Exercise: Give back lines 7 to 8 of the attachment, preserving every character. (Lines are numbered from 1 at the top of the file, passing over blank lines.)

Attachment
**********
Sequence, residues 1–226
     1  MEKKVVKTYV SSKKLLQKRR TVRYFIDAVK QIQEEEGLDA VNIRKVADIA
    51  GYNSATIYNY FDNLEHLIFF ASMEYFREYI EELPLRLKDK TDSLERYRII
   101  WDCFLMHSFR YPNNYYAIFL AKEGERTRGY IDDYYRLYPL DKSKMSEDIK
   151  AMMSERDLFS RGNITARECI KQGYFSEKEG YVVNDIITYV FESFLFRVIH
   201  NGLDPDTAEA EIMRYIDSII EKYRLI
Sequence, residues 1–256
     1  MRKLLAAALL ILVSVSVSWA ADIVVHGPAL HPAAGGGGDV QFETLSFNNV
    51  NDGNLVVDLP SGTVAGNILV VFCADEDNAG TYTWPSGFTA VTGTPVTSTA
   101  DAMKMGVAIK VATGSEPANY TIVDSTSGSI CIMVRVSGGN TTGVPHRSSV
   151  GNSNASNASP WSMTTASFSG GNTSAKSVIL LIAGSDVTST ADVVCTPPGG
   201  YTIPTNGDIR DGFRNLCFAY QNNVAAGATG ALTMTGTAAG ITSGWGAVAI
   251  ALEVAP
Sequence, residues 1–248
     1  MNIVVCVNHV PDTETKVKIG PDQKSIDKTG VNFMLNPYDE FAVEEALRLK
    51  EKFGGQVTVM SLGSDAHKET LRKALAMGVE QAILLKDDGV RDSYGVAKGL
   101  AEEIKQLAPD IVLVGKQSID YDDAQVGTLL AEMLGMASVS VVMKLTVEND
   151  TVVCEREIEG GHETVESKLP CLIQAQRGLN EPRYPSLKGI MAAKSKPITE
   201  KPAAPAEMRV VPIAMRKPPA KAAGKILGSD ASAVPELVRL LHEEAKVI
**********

Sequence, residues 1–256
     1  MRKLLAAALL ILVSVSVSWA ADIVVHGPAL HPAAGGGGDV QFETLSFNNV